July 11th, 2003, 07:40 AM
Heres a question for you who can not go to sleep without reading SMPTE white papers all night long:
Why is it that the Panasonic DVX100 is a PAL or an NTSC camera when it is in fact shooting "p" material?
The very description of NTSC/PAL is an interlaced format. 50i and 60i.
It's so confusing describing something as PAL "p". Progressive formats are usually defined by resolution. PAL should be 576p and NTSC should be 480p. To be precise it should say 480p non square. The DVX100 is a 576p/480p 30p/25p/24p camcorder with the OPTION to shoot regular PAL or NTSC.
Am I making sense?
July 11th, 2003, 07:47 AM
Could it be that the final data stream recorded onto tape is infact interlaced PAL/NTSC just like the XLs frame mode. For it to be viewed on a standard TV it has to be interlaced and formatted. I'm not sure on how the camera works so I'm just taking a guess.
July 11th, 2003, 08:10 AM
Basically what they mean with p (in this case):
1) shot on (semi) progressive chips
2) stored as interlaced
DV only knows interlaced footage. What they simply do is eliminate
the small time difference inbetween the fields.
The signal is simply send to the TV one half at a time. Technically
this creates a small time seperation between the two halfs which
you could call inverse-interlaced or something.
What most people etc. are referring when talking about PAL and
NTSC is describing where the footage originated (america instead
of europe for example) and indiciating a resolution. Usually it
includes a framerate as well (and it definitely should in the correct
technical use), but how many people know the difference between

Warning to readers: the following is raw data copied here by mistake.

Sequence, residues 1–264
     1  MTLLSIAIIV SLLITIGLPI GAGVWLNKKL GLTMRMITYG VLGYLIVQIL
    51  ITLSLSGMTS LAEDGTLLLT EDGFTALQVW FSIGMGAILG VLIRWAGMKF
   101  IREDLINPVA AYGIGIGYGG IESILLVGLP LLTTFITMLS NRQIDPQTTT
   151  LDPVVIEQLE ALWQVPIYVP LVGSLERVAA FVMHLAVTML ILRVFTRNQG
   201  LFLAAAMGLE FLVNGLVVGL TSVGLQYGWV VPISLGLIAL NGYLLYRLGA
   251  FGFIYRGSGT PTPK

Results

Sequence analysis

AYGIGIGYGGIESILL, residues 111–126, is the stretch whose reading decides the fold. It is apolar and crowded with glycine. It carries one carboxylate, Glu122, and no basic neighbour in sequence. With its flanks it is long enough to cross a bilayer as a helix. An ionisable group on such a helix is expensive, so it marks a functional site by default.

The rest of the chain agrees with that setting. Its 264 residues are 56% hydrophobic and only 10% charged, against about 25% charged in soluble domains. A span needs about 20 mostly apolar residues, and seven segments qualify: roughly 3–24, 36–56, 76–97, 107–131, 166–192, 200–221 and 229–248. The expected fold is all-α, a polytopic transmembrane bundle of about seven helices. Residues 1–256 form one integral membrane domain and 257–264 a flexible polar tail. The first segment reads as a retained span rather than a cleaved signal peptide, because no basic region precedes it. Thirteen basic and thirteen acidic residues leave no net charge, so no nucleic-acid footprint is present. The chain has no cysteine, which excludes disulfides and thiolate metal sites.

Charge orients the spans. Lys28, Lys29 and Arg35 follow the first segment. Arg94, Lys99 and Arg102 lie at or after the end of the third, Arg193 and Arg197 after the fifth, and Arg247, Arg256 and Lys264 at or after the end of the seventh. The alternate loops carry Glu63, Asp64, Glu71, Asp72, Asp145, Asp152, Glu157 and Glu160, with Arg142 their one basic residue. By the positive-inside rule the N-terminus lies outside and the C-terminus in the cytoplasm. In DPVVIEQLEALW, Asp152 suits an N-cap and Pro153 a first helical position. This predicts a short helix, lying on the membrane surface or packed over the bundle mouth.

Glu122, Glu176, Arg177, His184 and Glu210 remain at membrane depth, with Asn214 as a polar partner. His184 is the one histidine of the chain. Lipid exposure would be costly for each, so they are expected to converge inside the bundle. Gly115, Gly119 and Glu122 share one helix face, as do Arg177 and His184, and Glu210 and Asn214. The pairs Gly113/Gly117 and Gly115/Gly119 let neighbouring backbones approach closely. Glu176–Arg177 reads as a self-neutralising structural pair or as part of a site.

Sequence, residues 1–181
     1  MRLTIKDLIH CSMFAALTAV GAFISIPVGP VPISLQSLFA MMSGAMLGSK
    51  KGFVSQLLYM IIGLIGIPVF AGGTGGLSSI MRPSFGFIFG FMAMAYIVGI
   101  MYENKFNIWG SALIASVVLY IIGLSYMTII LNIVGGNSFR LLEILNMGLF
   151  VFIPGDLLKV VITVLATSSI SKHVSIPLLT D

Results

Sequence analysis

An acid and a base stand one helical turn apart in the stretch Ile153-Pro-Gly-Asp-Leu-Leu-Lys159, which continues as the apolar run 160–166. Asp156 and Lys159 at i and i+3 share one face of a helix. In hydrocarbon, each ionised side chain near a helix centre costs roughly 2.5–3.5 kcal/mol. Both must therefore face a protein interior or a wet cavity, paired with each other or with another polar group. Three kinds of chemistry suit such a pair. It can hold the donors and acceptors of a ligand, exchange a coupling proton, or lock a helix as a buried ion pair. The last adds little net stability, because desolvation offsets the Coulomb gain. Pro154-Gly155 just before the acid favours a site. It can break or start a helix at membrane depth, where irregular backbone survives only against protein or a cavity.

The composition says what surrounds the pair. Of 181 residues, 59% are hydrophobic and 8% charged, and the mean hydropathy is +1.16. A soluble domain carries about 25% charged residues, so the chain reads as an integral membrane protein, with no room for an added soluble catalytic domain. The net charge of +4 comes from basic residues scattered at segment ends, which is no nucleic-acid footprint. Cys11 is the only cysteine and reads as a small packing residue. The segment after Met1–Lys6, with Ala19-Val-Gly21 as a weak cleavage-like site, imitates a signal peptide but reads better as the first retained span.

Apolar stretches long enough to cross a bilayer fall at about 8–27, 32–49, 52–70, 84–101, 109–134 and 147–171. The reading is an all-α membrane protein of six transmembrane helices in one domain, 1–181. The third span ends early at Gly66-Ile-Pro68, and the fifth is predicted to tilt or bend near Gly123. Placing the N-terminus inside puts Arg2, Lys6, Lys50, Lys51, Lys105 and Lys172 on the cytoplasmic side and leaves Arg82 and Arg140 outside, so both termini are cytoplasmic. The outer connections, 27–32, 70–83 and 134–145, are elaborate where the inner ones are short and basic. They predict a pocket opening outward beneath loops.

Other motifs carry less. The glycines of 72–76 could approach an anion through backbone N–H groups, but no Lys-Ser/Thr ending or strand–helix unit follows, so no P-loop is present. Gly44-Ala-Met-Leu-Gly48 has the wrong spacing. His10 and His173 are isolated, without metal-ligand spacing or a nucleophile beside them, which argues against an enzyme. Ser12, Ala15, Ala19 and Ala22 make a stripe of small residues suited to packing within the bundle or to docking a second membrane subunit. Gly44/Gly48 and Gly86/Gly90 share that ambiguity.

25 frames per second or 50 fields per second?
Most people seem to talk in frames and that is probably why it is
still called PAL and NTSC. Technically they are only 66% correct
(or something) in using that term....
July 11th, 2003, 10:16 AM
Aha! So we're not talking true progressive here. Keeping two fields might look good to the eye but it puts postproduction back to the interlaced stage which in fact doubles rendertimes in apps like AE. This was actually the only thing that got me interested in the DVX100 -- and now i discover it's still interlaced.
How can it be so hard to make a true progressive camera that delivers one clean image at a time?
July 11th, 2003, 10:46 AM
The image is completely clean and progressive in your computer,
Martin. Only when your sending a progressive signal out to a TV
does it become inversed-interlaced so to speak. Your progressive
image is stored in two seperate fields in DV, but that does NOT
make it interlaced!!
Perhaps my 2) stored as interlaced wasn't the best way to put
it... Perhaps: 2) stored as two fields would have been better.
It is just a different way of storing things, no quality loss or
other weird things.
July 12th, 2003, 03:40 AM
It's all getting clear to me now. Very helpfull, Rob. Thanks a bunch.
July 14th, 2003, 07:33 AM
Well I think that the sampling rates are different for the PAL and NTSC versions (4:2:0 vs. 4:1:1.) That's one difference.
July 14th, 2003, 07:36 AM
Correct, but that is only in regards to DV (they choose those